Eye Spy for Physical Therapy Graduate Education

Eye Spy for Physical Therapy Graduate Education

Eye Spy for Physical Therapy Graduate Education: A Collaboration with the Gibbes Museum of Art

By Cindy B. Dodds, Elise Detterbeck, Debby Passo, Sydney Hammond, Rebecca Rudsill, and Steven Phillips

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“The best teachers are those that show you where to look, but don’t tell you what to see.”
Alexandra K. Trenfor

The attainment of expert knowledge and skills is essential to producing competent healthcare practitioners; however, competencies require expertise not only in knowledge and skill (Bloom’s Cognitive and Psychomotor domains), but also the ability to effectively observe and communicate (Bloom’s Affective domain).1,2 Although affective (emotional, feeling) skills are considered important, academic faculty often neglect to address students’ affective qualities due to their subjective and personal nature. Instructional methods designed to develop students’ affective skills can be challenging, but are worthwhile and should address the components of the domain: receiving (eg, listening, observing), responding (eg, participating, discussing), valuing (eg, inclusion, diversity, implicit behavior), organization (eg, balanced decision making, responsibility for one’s behavior), and characterization (eg, having values that guide behavior, self-reliance, cooperation, empathy).3

One innovative pedagogical approach targeting affective domain components is that of providing collaborative instruction led by health professions faculty and museum educators within an art museum setting using Visual Thinking Strategies (VTS).4 Philip Yenawine,4 a VTS expert, supports that these strategies provide students with the opportunity to think, develop, and share observations and ideas, to listen well, and to develop mutual understanding—all of which are relevant to students studying within healthcare fields.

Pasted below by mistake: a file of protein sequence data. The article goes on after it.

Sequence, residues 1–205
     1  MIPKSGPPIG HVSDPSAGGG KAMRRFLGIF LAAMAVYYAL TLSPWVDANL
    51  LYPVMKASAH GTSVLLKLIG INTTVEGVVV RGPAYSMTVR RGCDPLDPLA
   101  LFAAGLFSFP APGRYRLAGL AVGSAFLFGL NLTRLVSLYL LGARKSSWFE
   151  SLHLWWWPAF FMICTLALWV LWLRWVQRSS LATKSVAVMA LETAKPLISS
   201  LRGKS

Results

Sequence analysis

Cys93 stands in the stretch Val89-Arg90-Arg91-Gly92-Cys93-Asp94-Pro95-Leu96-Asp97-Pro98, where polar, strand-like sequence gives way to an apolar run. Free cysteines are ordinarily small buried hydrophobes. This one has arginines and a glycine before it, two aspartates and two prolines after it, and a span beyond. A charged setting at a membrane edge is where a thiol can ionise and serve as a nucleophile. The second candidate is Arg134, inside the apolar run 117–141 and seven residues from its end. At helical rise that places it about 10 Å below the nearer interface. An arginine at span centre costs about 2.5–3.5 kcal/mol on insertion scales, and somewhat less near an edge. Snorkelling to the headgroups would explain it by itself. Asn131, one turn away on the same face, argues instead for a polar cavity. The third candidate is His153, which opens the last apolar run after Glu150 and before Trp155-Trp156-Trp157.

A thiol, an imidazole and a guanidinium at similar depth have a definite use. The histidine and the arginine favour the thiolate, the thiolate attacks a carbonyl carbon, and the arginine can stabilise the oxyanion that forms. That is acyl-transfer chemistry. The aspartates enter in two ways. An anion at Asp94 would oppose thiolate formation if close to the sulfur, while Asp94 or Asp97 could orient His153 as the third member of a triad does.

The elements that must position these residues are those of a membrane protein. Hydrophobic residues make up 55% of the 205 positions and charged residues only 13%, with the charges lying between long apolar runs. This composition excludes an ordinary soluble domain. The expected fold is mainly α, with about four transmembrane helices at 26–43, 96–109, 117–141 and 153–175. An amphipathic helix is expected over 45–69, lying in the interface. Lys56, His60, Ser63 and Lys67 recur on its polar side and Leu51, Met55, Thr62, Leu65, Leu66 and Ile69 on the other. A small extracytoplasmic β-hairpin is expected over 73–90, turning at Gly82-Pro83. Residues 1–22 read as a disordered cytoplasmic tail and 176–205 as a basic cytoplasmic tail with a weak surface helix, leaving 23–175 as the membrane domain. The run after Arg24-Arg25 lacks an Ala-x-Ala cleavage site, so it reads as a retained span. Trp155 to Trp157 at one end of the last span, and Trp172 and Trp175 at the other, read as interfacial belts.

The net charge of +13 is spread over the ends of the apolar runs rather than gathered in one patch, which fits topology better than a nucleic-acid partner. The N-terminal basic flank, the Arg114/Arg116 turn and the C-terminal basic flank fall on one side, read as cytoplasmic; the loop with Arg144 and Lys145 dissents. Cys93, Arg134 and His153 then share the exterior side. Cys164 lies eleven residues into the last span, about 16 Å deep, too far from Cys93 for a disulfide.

Because museums are not typical healthcare educational settings and art-based experiences allow for different perspective-taking (taking another person’s viewpoint into account) and interpretations, they provide a non-judgmental and less authoritative setting for learning than hospitals and clinics. This approach allows healthcare students and faculty to safely contemplate more affective inquiries in an environment that allows bi-directional learning side-by-side rather than in the more typical top-down, hierarchical approach.5 VTS implementation into healthcare education has been successfully demonstrated among several investigators. Katz and Khoshbin6 report gains in diagnostic skills and teambuilding for medical students and interprofessional teams after their participation in VTS training. In addition, nurse educators have documented improvements in students’ clinical observation skills7 as well as communications and attitudes8 following practices using VTS training. Although not specific to VTS, Klappa and colleagues9 used the creation of art and a corresponding art show by doctor of physical therapy students to prompt new methods of communicating, thinking, and promoting the field of physical therapy.